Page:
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Fill me in on the Basics


Nikko

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G'day All!

 

I have only been on this forum for a very short time and I love it. I have been strongly interested in pyrotechnics (especially wanting to make my own) for ... well, it's a part of me.

 

Anyway, I actually know very little about display fireworks. Words such as 'cake', 'ball' and 'mortar', while i know one meaning...

 

(what makes 'whistle mix' whistle?)

 

so, can you give me a few links or some books I should read? Thanks muchly.

 

Nikko

 

edit

Just found TurboPyro. Downloading now.

/edit

Edited by Nikko
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There is a pretty good post in the chemistry section that you may find helpful.

 

http://www.amateurpyro.com/forums/topic/3282-list-of-pyro-chemicals-and-terms/page__fromsearch__1

 

This post is pretty comprehensive but by no means all inclusive. It contains a list of common pyro chemicals and terms. This site is a great resource. Many of the members are very intelligent and have spent hundreds and hundreds of hours learning their trade. Read as much as you can and always verify things before trying them. This is a fun and fulfilling hobby but it can also be extremely dangerous if you don't do your research or your sources aren't valid.

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A ball shell is shaped like a ball, and this style of shell originated in Asia. They lend themselves to perfectly round bursts. This is the shell you most commonly see in a public display in the United States these days.

 

A cylinder shell is shaped like a cylinder. This is the Italian, Maltese, and Italian/American type shells. They tend to give oblong shaped breaks, but are well suited for carrying inserts and being stacked for multibreaks.

 

A cake is an item that contains multiple shots in separate tubes and fused together from the bottom. The shots can be comets, mines, shells, or shell inserts.

 

A mortar is the tube the shell is shot out of. Usually made from HDPE, fiberglass, cardboard or steel. Steel is reserved for heavy multibreak shells which generate high pressure at lift. It is incredibly dangerous if the shell breaks in a steel mortar and appropriate precautions need to be taken. Under NO circumstances should you attempt to use PVC pipe as a mortar.

 

 

As to what makes whistle mix whistle, I am not sure if that is fully known to us mere mortals. Maybe someone else knows, but I don't.

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(what makes 'whistle mix' whistle?)

 

“Sounds” are produced through the rapid expansion of gas and generation of pressure waves:

1)Rapid heating of the ambient air by a confined composition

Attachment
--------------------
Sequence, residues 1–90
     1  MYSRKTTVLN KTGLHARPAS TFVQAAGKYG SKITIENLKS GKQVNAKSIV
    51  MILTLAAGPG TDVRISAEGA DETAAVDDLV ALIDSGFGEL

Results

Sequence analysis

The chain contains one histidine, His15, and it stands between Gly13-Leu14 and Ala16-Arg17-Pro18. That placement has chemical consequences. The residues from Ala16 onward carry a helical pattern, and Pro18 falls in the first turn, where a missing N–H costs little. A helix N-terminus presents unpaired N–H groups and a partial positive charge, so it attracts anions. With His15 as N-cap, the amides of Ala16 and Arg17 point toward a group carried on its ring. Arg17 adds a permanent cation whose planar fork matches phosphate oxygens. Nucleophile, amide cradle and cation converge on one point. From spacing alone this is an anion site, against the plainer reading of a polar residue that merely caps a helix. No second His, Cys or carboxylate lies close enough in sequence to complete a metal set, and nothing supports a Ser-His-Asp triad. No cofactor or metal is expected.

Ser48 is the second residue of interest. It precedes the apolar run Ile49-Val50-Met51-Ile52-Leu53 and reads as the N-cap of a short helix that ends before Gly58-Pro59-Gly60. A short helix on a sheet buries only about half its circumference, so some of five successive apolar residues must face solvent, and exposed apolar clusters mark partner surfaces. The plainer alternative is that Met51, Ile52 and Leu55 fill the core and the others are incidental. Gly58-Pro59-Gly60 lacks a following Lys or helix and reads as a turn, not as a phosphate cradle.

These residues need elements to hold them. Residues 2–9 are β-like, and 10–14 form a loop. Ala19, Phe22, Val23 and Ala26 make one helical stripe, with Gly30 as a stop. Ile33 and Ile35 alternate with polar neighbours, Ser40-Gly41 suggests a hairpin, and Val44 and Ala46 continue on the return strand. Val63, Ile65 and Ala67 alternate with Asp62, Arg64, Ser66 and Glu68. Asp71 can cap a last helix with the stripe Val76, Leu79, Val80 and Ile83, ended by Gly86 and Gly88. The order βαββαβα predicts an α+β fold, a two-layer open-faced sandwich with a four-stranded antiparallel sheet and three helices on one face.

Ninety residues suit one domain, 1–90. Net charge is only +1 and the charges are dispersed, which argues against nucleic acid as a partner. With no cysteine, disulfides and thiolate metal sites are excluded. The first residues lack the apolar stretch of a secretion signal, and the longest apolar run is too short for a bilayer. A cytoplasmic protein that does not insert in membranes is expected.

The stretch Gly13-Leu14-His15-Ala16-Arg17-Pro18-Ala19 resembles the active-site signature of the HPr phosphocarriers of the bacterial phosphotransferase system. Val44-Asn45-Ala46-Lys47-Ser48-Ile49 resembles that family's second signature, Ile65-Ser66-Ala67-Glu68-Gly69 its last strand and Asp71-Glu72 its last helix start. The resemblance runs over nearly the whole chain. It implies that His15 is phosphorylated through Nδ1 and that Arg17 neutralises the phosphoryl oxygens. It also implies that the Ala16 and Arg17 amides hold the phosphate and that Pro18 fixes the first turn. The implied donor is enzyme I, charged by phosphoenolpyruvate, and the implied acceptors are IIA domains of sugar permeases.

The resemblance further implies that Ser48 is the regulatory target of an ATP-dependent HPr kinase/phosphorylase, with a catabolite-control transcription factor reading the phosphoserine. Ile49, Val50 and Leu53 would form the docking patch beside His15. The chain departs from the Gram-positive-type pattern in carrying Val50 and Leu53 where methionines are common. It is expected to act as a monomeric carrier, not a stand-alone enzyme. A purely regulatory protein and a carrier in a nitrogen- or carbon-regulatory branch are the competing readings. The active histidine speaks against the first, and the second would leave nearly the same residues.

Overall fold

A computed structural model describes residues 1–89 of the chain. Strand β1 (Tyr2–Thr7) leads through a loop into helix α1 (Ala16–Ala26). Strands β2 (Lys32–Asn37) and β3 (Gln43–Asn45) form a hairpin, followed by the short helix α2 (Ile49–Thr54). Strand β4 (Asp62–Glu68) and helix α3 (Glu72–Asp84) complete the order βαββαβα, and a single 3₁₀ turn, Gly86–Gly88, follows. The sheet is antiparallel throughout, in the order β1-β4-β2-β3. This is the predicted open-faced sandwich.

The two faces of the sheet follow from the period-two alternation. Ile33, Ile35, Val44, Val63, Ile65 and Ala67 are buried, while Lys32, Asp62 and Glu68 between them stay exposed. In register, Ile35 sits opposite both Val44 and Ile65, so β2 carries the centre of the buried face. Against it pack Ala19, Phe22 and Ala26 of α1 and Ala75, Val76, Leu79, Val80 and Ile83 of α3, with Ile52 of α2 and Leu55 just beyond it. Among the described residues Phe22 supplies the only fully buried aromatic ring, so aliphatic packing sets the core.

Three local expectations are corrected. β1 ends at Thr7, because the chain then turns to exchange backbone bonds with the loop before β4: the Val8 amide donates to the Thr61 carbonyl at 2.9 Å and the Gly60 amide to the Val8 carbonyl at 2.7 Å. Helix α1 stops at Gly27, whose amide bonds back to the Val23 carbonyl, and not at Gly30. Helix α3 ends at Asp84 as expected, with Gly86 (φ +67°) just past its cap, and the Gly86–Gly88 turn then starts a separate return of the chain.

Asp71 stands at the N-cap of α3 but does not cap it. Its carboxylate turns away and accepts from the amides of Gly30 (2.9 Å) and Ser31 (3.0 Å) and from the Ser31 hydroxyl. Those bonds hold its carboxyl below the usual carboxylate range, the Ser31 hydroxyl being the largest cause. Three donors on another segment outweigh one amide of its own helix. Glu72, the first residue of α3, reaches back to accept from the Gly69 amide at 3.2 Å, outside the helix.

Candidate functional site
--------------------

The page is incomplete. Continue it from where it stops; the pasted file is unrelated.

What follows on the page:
2)Rapid gas generation by the composition itself

3)Sound can be in the form of a pop/boom/ crackle or “whistle”

 

Whistles!

1)Just like when a person whistles, forced air through a small opening generates a whistle sound

2)Potassium beznozate + KClO4 = lots of CO2 and H2O generated rapidly (but not too rapidly)

3)Composition is pressed into a suitably sized tube (larger diameter tubes tend to deflagrate/detonate)

4)Whistle reactions are prepared to be on the verge of, but not actually, explode – very careful!

5)A whistle composition is actually burning intermittently from layer to layer in a pressed composition, and the pitch will drop as the composition burns down and a “longer” tube is left

6)Other fuels: Gallic acid, sodium salicylate.

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^^

 

Whistle mix will whistle or "chirp" when a pinch is burned unconfined. It also does not need a smaller opening to produce the whistle like when a person whistles. The whistling in a pyro whistle comes from something else in how the fuel burns. The cored sections don't seem to whistle very much either and different catalysts change or kill the whistling sound.

 

The only resources I have that describe why whistle whistles, is Pyrotechnica XI and FAST.

 

In Pyrotechnica XI, the author states:

 

According to Shimizu's opinion, the whistling phenomenon comes from an alternative oscillatory reaction of burning and detonation, producing sound. Therefore the whistling composition must be sensitive to some extent -- not too sensitive and not too insensitive.

 

In FAST, Dr. Shimizu mentions some forumulas for whistles, but does not get too deep into the science behind it. I am sure there are other texts that address this, but I do not own them to look through.

 

I will also add that Galic acid and Potassium Picrate are particularly sensitive compositions. I know a couple of well accomplished pyros what won't touch the stuff, and they aren't afraid of using "standard" sensitive mixtures. That's enough for me to stay clear.

Edited by nater
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